[Nut-upsdev] upsclient high level API and Java wrapping

Charles Lepple clepple at gmail.com
Fri Jul 8 12:29:17 UTC 2011

On Jul 7, 2011, at 10:06 AM, <EmilienKia at Eaton.com> wrote:

> This mail is a reply to mails from Charles Lepple and Petr Kubánek  
> dated from july 7 with the same topic.
>> From: Charles Lepple
>> "One thing with SWIG (and other binding systems) is that it is not
>> easy to handle errors gracefully. I can't count how many times I got
>> segmentation violation errors calling well-tested C code from Python
>> via SWIG.
>> I tried using ctypes, which doesn't require any recompilation of the
>> target library, but it has similar problems.
> I am surprised. I follow wxWidgets open source project for a while,  
> their python wrapping is done with SWIG and they do not have so many  
> problems with that.
> Note I have not used SWIG for python (nor python itself)  
> personnally, so perhaps I missed something.

The difference here is that wxWidgets is a much more complex library  
than upsclient.

>> The big advantage to SWIG is supposed to be that you can generate
>> bindings to many languages once you set things up, but in reality,
>> each language has its nuances for passing things by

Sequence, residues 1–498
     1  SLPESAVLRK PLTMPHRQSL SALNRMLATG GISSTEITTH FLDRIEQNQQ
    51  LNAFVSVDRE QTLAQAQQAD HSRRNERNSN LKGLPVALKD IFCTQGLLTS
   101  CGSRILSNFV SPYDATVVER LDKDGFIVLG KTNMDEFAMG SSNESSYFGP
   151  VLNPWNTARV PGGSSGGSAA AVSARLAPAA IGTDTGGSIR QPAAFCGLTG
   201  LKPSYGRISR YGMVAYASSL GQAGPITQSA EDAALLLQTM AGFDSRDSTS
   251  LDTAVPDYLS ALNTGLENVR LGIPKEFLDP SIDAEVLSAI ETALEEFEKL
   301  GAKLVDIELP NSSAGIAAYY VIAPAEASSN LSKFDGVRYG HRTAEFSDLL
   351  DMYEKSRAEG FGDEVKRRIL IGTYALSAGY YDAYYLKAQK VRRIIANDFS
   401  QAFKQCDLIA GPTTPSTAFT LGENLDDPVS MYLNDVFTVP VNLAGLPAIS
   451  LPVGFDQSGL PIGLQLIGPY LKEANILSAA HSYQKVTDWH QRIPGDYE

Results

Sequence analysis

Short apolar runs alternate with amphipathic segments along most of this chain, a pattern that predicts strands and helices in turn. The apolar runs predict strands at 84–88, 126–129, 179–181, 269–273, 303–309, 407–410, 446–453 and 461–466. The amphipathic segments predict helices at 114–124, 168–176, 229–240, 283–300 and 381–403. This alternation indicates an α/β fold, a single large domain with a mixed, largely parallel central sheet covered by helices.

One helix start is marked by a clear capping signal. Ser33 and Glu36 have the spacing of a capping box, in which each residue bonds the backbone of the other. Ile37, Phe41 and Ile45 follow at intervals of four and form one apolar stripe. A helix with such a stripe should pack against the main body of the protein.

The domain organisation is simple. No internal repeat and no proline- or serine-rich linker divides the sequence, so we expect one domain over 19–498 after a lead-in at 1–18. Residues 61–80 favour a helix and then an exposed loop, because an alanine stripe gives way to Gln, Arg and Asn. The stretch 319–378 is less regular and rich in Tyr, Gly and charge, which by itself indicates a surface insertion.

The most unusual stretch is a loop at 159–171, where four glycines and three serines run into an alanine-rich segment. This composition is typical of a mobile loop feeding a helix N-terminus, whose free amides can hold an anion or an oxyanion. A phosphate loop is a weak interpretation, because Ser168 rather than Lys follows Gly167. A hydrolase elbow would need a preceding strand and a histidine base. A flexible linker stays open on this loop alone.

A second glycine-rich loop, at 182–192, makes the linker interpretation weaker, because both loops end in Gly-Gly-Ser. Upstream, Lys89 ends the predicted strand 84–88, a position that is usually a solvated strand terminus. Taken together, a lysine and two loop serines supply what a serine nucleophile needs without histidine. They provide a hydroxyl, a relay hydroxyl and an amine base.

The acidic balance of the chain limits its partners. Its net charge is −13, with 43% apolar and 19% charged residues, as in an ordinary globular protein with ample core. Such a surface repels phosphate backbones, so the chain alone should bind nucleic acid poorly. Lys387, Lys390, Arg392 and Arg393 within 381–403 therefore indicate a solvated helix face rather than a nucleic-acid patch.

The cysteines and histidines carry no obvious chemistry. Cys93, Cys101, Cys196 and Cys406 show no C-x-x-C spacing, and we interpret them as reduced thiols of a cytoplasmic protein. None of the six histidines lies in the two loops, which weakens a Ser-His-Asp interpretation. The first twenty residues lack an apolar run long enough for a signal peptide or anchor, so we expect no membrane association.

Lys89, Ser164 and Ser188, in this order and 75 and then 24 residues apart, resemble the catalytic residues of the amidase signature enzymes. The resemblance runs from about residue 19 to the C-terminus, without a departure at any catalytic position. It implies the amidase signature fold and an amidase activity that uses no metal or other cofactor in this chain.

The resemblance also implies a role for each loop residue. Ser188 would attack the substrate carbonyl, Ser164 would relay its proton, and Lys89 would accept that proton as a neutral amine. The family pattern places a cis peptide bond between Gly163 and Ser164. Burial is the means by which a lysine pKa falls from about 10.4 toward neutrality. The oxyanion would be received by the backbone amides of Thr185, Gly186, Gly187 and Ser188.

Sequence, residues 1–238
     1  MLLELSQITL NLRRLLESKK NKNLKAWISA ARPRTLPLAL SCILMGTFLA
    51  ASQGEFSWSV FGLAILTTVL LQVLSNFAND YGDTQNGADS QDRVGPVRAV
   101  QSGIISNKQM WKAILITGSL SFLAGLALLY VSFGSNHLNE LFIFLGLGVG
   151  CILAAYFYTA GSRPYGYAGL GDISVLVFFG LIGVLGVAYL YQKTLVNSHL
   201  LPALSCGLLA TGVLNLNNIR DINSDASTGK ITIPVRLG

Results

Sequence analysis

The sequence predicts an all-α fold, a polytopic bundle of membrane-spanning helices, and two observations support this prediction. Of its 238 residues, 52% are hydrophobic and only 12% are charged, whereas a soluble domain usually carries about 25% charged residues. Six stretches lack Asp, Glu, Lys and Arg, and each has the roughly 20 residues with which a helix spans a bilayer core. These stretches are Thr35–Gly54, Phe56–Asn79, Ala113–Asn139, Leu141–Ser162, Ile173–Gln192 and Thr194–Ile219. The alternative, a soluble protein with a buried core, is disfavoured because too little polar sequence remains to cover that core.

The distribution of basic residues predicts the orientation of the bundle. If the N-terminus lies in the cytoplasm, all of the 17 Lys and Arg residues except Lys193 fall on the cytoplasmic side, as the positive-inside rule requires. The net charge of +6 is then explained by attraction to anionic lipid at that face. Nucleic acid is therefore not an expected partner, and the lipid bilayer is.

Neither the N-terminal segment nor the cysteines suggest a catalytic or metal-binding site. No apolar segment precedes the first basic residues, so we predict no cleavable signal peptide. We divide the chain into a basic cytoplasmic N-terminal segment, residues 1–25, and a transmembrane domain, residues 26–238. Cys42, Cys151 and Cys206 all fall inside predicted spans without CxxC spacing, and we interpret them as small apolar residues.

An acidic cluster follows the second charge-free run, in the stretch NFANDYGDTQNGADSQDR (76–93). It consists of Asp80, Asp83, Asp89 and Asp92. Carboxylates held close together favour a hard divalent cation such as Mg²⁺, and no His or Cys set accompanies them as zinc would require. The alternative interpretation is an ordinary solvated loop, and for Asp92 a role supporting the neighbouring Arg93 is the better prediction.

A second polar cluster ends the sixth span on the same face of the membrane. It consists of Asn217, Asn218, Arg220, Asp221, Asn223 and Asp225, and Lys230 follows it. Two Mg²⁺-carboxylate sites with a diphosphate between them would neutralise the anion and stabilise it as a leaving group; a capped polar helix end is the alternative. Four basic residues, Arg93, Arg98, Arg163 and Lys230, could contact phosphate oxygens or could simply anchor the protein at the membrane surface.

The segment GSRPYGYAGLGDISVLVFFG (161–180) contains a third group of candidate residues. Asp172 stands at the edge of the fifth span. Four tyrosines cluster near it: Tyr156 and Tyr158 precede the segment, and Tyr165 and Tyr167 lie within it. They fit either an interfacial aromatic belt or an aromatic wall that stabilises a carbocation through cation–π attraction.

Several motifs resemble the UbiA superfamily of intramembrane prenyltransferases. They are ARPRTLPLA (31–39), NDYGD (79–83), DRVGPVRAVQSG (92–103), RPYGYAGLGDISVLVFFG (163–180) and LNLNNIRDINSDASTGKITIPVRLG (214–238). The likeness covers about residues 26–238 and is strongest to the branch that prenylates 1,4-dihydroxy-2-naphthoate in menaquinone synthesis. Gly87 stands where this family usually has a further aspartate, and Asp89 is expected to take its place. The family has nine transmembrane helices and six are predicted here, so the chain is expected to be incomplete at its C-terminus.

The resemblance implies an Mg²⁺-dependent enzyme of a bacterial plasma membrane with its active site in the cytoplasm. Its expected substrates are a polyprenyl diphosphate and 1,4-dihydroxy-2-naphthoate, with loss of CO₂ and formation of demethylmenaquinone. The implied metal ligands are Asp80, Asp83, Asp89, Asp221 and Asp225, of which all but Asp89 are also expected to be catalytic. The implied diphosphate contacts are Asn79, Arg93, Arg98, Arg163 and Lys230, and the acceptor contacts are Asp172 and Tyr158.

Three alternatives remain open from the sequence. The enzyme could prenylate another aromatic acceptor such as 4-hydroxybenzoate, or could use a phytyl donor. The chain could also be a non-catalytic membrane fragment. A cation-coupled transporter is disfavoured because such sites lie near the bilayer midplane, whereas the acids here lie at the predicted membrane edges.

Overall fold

>> reference, and so
>> each set of bindings has slightly different semantics.
> I never say that SWIG will generate all bindings magically without  
> any specific code.
> The experience I had with SWIG was with Java and Lua on separated  
> projects. In theses cases, once some specific code was set (mostly  
> typemapping), adding methods and objects was not so problematic.

Granted, there will be language-specific code. What I meant by "each  
set of bindings has slightly different semantics" is that the way to  
call a "get variables" method in Python might look different than in  
Java if Python has to return things in the return arguments, and Java  
simply allows the programmer to pass a reference to a list that gets  
filled in.

So in addition to differences "under the hood", you would end up with  
API differences. It's not a show-stopper, but it means additional  
documentation to point out how to use each language binding.

Charles Lepple

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